An opinion poll was widely reported last month as evidence that 55% of Syrians think President Bashar al-Assad should not resign. But does the claim stand up to scrutiny?
The world is watching Syria, where every day there are new scenes of horror as the violence between protesters and the regime’s security forces continues.
Against this backdrop, some commentators have picked up on a striking statistic - that 55% of Syrians want President Assad to stay in power.
In a column in the UK’s Guardian newspaper, the statistic was used to suggest that the Western media was mis-reporting the situation in Syria, suppressing “inconvenient facts” for the purposes of propaganda.
The statistic has been reported widely elsewhere, from the New York Times, to Al Jazeera (in Arabic) Iranian owned Press TV, and Syrian news sites.
• More than 1,000 people from 18 countries in the Middle East responded to YouGov Siraj’s internet poll question: “In your opinion, should Syria’s President Assad resign?”
• 81% of answered Yes
• 55% of respondents in Syria said they thought the president should stay
• Only 98 respondents were actually from Syria
• Only 18% of people in Syria have access to the internet
So what was this poll and who carried it out?
It was an internet survey of the Arab world by YouGov Siraj in December. It covered just more than 1,000 people in 18 countries in the Middle East and North Africa.
The central question was: “In your opinion should Syria’s President Assad resign?”
Across the whole region, the overall finding was that 81% of people polled thought President Assad should go.
But the polling company also stated: “Respondents in Syria are more supportive of their president. 55% do not believe Assad should resign.”
Looking closely at the survey report, it does not say explicitly how many of the 1,000 people who responded were from Syria. But it does say that 211 were polled in the Levant region, 46% of whom were in Syria.
Doing the sums, this suggests that only 97 people took part. When the BBC checked with YouGov Siraj for the exact breakdown, the company said that in fact there were 98 respondents from Syria (the difference arising from the fact that averages given in the survey report were rounded).
This is a very low sample according to the managing director of survey company ORB, Johnny Heald, who has been carrying out polls in the Middle East for many years.
“When we poll and we want to find out what Libyans think, or what Syrians think, we would rarely do anything less than 1,000 interviews,” he says.
“One thousand is the generally accepted industry minimum to be able to speak confidently about what people from a particular country think about an issue.
“If you say that this poll covers people from 18 countries, then that’s fine. But you need to be very careful when you interpret the findings.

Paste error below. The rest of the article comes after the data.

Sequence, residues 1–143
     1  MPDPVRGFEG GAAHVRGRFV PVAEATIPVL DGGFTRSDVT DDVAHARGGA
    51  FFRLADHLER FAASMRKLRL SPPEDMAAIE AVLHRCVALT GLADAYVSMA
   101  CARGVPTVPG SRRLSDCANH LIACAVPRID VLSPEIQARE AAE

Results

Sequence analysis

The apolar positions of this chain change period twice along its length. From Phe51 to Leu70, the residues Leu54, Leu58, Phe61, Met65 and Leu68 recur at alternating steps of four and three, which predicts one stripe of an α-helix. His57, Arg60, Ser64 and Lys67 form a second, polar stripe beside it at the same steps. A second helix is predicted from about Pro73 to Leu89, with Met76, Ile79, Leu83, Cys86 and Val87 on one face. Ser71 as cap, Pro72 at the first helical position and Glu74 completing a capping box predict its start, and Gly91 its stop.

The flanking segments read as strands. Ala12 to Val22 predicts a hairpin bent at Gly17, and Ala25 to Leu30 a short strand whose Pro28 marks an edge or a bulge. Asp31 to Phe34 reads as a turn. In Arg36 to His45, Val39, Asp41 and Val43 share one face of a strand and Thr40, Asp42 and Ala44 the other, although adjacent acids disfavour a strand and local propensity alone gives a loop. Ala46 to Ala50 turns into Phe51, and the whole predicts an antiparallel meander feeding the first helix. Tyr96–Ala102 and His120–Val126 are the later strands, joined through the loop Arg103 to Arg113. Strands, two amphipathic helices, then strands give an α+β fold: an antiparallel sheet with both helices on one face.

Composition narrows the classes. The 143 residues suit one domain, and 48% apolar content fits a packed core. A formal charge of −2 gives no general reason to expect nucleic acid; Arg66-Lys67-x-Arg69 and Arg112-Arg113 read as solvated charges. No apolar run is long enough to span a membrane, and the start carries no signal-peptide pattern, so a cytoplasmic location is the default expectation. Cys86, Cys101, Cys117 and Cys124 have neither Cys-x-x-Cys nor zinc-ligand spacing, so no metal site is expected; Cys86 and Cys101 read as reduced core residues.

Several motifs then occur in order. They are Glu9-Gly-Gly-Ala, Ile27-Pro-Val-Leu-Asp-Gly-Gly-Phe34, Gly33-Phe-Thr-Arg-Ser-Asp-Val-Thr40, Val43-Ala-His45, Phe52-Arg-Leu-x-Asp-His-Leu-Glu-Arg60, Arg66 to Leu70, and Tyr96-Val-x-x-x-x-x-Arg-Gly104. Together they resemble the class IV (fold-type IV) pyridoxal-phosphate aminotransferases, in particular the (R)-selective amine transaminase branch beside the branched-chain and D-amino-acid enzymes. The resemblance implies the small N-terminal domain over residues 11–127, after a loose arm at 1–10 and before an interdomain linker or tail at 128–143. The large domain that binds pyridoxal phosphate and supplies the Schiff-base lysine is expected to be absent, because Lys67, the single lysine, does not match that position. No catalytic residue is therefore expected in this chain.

“It is not good to say that 55% of Syrians, for example, think that Assad should stay when only 97 people were asked that question.”
But he has another criticism - according to UN figures, only 18% of people in Syria have access to the internet, which means that the sample polled is biased towards those who can get online.
The people who conducted the survey at YouGov Siraj, the Dubai-based arm of a UK polling company, say the poll was not intended to be representative of all Syrians.
They too say the sample was too low for this and that internet penetration in the country is not good enough.
This is why they referred to “respondents from Syria” rather than referring to “Syrians”, they say.
However, the Doha Debates TV programme, which commissioned the poll and published its findings, were not as sensitive to the distinction.
The figure is described on its site as: “Syrians are more supportive of their president with 55% not wanting him to resign.”
In a statement, the pollsters at YouGov Siraj said that with hindsight they wish they had been clearer: “To the layman, there seems very little difference between the two expressions but for researchers, the difference is huge.
Johnny Heald Managing director of survey company ORB
Journalists have jumped on (the statistic) and ran with it, without thinking about the science behind how they came to that figure”
“I think we should have stressed the difference much more to our client (or simply not shown the Syria data, as there was always a chance it might be misinterpreted).”
When we asked the organisers of the Doha Debates about the statistic, they insisted that despite the small sample size, the result was “of interest”.
They say the figures and polling data are freely available for people to draw their own conclusions.
Is it OK to put out a figure based on such a low sample?
Johnny Heald thinks it is acceptable for pollsters to pull out data from a broader poll, because often it is interesting.
But he says: “What you should always do is say: ‘Caution - this is a low base size.’
“The problem comes when people interpret it to be representative of a country.
“And I think in defence of YouGov, they don’t claim the poll is nationally representative of what Syrians think.
“They have just pulled out the Syrian numbers and because it is an interesting story and somewhat controversial, I think the journalists jumped on it and ran with it, without thinking about the science behind how they came to that figure.”